sábado, 10 de abril de 2010

On E.R.'s Blog, 2


Will assume that most of you reading Life A User's Manual for the upcoming 4/30 group read are already aware of the postcript where Perec admits to borrowing or adapting "quotations" from a number of different writers.  While I'm not far enough into the novel yet to see how meta Perec gets with these fictions, I do look forward at some point to comparing stuff like "The Tale of the Acrobat who did not want to get off his trapeze ever again" (for me, one of the many highlights so far) with Kafka's "First Sorrow" & etc. to see if something other than just a playful rewrite is involved.  For now, though, I'm going to take the lazy man's way out and draw your attention once again to that post that e.r., one of my favorite bloggers anywhere, put up on his blog at the end of last month.  E.R. points out that Gaspard Winckler, the character charged with turning Bartlebooth's watercolors into jigsaw puzzles in Life A User's Manual, learned his craft from a man named Gouttman.  Incredibly, another Goutman with a very similar set of credentials but with only one "t" to his name also appears as a character in Flaubert's posthumously-published novel Bouvard and Pécuchet.  Doing the intertextual math, e.r. hypothesizes that the Goutman of Flaubert's novel could very well be the same Gouttman of Perec's novel reappearing 70 years after his encounters with Bouvard and Pécuchet just in time to train the young Gaspard Winckler in his craft.  An astonishing shelf life for such a minor character, no?

Perec: "Another time, with sudden warmth, [Winckler] told Valène about the man who had taught him his work.  He was called Monsieur Gouttman, and he made religious artefacts which he sold himself in churches and procurators' offices: crosses, medals, and rosaries of every size, candelabra for oratories, portable altars, artificial jewellry, bouquets, sacred hearts in blue cardboard, red-bearded Saint Josephs, china calvaries.  Gouttman took him on as an apprentice when he had just turned twelve."

Flaubert:  "One time she brought along a portly individual, who had small eyes like a Chinaman and a nose like a vulture's beak.  This was Mr. Goutman, a dealer in religious artifacts.  Out by the shed, he took a few items from their boxes: crosses, medallions, and rosaries in all sizes, candelabras for shrines, portable altars, tinsel bouquets, as well as Sacred Hearts made of blue cardboard, Saint Josephs with reddish beards, and porcelain crucifixes.  Pécuchet coveted them all; only the price held him back."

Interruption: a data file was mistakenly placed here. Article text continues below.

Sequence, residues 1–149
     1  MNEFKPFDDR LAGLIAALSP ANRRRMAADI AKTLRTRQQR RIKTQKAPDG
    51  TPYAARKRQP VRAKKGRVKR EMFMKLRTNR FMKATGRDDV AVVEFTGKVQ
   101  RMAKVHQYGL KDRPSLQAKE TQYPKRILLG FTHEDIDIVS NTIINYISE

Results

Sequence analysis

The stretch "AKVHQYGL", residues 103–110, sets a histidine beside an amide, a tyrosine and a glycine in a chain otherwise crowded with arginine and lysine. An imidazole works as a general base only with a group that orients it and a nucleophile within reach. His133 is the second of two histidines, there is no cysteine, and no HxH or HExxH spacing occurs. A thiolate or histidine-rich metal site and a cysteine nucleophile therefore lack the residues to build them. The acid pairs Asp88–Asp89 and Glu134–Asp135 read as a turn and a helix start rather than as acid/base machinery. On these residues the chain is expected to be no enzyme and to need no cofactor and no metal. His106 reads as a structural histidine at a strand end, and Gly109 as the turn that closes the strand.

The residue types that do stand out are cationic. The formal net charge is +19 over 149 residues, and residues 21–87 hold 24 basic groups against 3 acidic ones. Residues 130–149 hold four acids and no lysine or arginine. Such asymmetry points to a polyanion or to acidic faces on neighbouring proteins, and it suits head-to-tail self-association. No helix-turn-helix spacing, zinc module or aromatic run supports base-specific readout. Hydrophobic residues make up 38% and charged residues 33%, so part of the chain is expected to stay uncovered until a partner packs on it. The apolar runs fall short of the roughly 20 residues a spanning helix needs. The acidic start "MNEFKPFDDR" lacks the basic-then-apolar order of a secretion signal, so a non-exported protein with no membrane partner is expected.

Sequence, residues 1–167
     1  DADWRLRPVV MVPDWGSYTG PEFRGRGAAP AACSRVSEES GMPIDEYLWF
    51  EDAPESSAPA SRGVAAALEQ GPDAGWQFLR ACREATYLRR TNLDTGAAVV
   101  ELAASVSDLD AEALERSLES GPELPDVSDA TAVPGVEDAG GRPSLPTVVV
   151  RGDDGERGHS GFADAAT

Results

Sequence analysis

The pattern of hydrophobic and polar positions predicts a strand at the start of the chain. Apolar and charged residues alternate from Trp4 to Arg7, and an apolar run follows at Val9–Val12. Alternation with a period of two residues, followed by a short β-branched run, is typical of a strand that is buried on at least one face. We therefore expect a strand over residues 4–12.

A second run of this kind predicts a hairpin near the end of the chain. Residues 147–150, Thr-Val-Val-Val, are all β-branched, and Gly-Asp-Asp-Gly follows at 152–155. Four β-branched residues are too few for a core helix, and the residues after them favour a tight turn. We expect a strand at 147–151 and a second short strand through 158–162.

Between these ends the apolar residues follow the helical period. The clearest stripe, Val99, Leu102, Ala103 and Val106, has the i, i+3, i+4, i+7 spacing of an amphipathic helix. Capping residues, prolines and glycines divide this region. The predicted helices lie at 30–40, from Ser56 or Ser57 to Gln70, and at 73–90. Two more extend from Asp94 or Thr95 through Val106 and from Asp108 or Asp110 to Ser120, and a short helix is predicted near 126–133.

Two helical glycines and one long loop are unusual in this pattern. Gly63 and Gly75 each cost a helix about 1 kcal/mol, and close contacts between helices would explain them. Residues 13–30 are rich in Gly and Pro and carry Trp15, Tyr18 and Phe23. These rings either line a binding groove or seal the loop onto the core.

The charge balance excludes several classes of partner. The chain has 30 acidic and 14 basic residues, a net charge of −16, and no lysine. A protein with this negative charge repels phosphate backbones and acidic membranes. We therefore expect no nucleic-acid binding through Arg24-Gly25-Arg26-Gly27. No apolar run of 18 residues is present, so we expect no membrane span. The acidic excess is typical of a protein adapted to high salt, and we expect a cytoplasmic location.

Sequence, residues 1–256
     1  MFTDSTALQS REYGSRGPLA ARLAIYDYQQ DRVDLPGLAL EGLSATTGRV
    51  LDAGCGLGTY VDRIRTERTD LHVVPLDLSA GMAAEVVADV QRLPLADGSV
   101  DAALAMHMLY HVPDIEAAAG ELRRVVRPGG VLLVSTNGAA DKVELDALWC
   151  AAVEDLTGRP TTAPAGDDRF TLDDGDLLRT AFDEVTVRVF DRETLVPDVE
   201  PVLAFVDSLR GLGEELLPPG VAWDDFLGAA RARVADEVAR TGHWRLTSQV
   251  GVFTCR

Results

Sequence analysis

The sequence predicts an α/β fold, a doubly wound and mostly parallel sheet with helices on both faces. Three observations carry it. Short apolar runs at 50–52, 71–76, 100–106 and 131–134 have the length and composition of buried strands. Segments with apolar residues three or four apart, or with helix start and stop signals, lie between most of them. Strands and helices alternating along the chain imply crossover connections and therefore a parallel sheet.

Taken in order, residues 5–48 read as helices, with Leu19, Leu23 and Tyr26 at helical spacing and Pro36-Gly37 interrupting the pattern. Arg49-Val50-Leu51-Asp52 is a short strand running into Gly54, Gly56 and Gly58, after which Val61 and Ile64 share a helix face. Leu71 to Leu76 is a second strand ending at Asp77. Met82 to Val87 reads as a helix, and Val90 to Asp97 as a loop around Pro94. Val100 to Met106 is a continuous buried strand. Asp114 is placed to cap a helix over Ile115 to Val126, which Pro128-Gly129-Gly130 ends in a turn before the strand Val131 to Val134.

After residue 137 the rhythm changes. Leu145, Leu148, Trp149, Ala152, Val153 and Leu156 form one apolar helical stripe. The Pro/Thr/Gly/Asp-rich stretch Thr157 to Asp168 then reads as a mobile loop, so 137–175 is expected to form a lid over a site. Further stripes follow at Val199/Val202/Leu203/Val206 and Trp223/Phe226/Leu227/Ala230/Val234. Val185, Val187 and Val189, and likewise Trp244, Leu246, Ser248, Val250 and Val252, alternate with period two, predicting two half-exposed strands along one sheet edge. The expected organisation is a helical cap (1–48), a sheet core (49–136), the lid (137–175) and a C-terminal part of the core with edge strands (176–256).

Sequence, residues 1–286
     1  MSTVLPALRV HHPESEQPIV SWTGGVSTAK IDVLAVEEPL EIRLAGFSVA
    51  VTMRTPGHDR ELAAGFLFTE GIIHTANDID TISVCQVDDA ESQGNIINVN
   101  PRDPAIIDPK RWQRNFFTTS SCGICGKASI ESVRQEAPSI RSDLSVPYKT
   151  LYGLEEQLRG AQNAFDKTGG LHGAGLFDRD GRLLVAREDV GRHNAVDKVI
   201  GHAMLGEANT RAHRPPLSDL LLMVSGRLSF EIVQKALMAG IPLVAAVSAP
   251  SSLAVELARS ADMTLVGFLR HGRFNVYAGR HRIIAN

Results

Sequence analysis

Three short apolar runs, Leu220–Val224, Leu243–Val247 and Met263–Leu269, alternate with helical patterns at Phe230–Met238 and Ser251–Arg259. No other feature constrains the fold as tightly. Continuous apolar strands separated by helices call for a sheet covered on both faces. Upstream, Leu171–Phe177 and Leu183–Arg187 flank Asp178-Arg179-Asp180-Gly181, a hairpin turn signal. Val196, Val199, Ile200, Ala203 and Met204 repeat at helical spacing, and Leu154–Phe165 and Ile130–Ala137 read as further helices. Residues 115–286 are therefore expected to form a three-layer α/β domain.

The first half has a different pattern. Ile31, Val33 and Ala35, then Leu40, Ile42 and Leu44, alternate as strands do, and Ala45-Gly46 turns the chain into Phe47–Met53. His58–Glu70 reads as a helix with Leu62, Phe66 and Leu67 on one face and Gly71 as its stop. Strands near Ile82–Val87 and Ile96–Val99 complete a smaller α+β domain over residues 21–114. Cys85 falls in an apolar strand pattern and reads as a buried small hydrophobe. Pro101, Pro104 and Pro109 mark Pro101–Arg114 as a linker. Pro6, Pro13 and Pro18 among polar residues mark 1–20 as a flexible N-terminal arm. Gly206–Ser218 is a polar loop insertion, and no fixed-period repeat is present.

Not sure how important all this is in the grand scheme of things, but it's amusing to note that a character named Gaspard Winckler himself appears in multiple Perec novels.  The puzzles, they just keep on coming!

Bibliography
  • e.r., barcoborracho
  • Flaubert, Gustave.  Bouvard and Pécuchet [translated by Mark Polizzotti].  Champaign: Dalkey Archive Press, 2005, p. 214.
  • Perec, Georges.  Life A User's Manual [translated by David Bellos].  Boston: Godine, 2009, p. 37.

5 comentarios:

  1. I love reading your posts on this book: they're fascinating, and best of all, they tell me about the book without my having to read it! :--)

    I do think Perec is fortunate that Flaubert was in the posthumous mode so he wouldn't have to worry about being sued for plagiarism.

    ResponderEliminar
  2. I didn't know about the "quotations" until the end because I always wait and read explanatory stuff after I've finished a novel. I like to give a novel every chance to work on its own. However, I knew I had read the trapeze-artist story somewhere and finally figured out it was Kafka. The others-- I'll be happy to hear whatever you find out. Also, anything you might uncover along the way about plagiarism issues. And thanks for the map cum explanation. Life was mostly very fun reading!

    ResponderEliminar
  3. So interesting! I too loved that story about the acrobat. Thanks for these posts - they bring so much (more!) to such a rich book. Fun. :)

    ResponderEliminar
  4. Whoa, look at you - your blog ephemera est en francais! Je l'aime!

    I hadn't noticed the postscript, but will now keep my ear tuned for echoes of other texts. My reading of Germinal is grinding to its inevitable and tragic conclusion, and I'm really looking forward to finishing it & transferring my attentions to the lighter & cleverer strains of Perec.

    ResponderEliminar
  5. *Jill: Love your "posthumous mode" quip, but I don't think Perec was too worried about being accused of plagiarism since he also altered living writers' quotes as well (and cited them, sort of). Will be interested in hearing how the others respond to this tactic of his, but I think it's fairly genius myself.

    *Julia: I usually put off reading "introductory material" until the end these days also, but I was too giddy about Perec to wait this time around. Looking forward to your full review of the novel and glad that the French map came in handy.

    *Sarah: Happy to hear that these goofy posts have been amusing you--was worried that my enthusiasm about Perec might be irritating to others! Acrobat story = "the bomb," as you youngsters like to say.

    *Emily: I understand the desire to say goodbye to good reads so one can spend more time with Perec and a potential great read. In the meantime, je suis très heureux de recevoir tes commentaires sur l'aspect du blog pendant ce "mois français" consacré aux messieurs Perec et Proust. Merci, mon amie!

    ResponderEliminar